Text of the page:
In a vast preamble that took up more than 40-pages of a 58-page document, the IRS defined a medical device as any "device that is listed as a device with the Food and Drug Administration (FDA) under section 510(j) of the FFDCA and 21 CFR part 807, pursuant to FDA requirements."

"The proposed regulations further provide that if a device is not listed with the FDA, but the FDA later determines that the device should have been listed as a device, the device will be deemed to have been listed as a device with the FDA as of the date the FDA notifies the manufacturer or importer in writing that corrective action with respect to listing is required."

The agency rejected several attempts from industry to narrow its interpretation of the rule and create carve-outs to limit the impact of the tax, mostly falling back on the FDA’s current definitions of what constitutes a medical device and previous guidance, which was released last February.

However, officials pushed off a final decision on some key issues related to enforcing the tax. Specifically, those issues were related to pricing – the use of the so-called constructive pricing rule – as well as the definition of components.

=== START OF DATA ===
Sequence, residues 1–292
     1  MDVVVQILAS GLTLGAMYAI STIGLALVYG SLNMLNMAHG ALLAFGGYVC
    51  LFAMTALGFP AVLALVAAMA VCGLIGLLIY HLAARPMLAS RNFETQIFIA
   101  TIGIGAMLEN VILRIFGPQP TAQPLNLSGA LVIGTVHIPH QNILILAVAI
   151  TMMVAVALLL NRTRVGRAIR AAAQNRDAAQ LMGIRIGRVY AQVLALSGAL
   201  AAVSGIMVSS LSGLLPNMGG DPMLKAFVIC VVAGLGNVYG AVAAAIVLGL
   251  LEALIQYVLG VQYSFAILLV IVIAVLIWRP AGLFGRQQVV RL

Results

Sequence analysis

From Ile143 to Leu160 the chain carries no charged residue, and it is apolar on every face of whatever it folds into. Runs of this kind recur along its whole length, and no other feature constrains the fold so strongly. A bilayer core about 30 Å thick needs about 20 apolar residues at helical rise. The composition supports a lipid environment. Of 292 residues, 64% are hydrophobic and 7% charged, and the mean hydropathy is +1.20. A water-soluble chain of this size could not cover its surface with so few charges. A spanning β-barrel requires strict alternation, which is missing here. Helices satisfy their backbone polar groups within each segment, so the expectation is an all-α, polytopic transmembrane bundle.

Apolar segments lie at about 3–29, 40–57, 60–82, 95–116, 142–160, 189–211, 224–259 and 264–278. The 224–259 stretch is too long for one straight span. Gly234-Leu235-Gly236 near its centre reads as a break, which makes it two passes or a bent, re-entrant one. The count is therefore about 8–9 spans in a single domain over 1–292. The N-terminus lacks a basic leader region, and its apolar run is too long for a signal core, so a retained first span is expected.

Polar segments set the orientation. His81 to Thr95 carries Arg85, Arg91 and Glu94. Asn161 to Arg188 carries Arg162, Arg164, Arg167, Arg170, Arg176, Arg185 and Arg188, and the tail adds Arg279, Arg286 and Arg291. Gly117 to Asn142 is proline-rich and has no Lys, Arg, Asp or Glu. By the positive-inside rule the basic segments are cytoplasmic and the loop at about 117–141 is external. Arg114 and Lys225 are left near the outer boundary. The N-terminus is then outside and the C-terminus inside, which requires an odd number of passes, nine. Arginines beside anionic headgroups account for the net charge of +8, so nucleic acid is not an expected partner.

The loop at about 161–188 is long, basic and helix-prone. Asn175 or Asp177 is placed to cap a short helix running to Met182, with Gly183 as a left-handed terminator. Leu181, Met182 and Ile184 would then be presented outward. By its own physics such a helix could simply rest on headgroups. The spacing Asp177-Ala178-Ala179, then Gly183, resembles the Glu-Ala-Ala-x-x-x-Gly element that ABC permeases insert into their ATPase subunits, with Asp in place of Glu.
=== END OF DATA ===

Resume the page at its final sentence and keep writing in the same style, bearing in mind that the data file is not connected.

The constructive pricing rule is the point of sale at which an excise tax is levied. It’s a complicated determination for medical devices, which are often made using components from other companies – each a potential point of sale at which to levy the tax. AdvaMed had asked the IRS to cut device companies a little slack when auditing initial returns, slated to roll in next year.

The IRS seemed to head the suggestion, noting that the "Treasury Department recognizes that the medical device industry will likely face some implementation issues when the medical device excise tax goes into effect on January 1, 2013, and the IRS intends to work with stakeholders on compliance-related issues, such as the determination of price."

On the issue of components used in medical devices, the agency said it will again seek more input from stakeholders on what types of components will be exempt from the tax.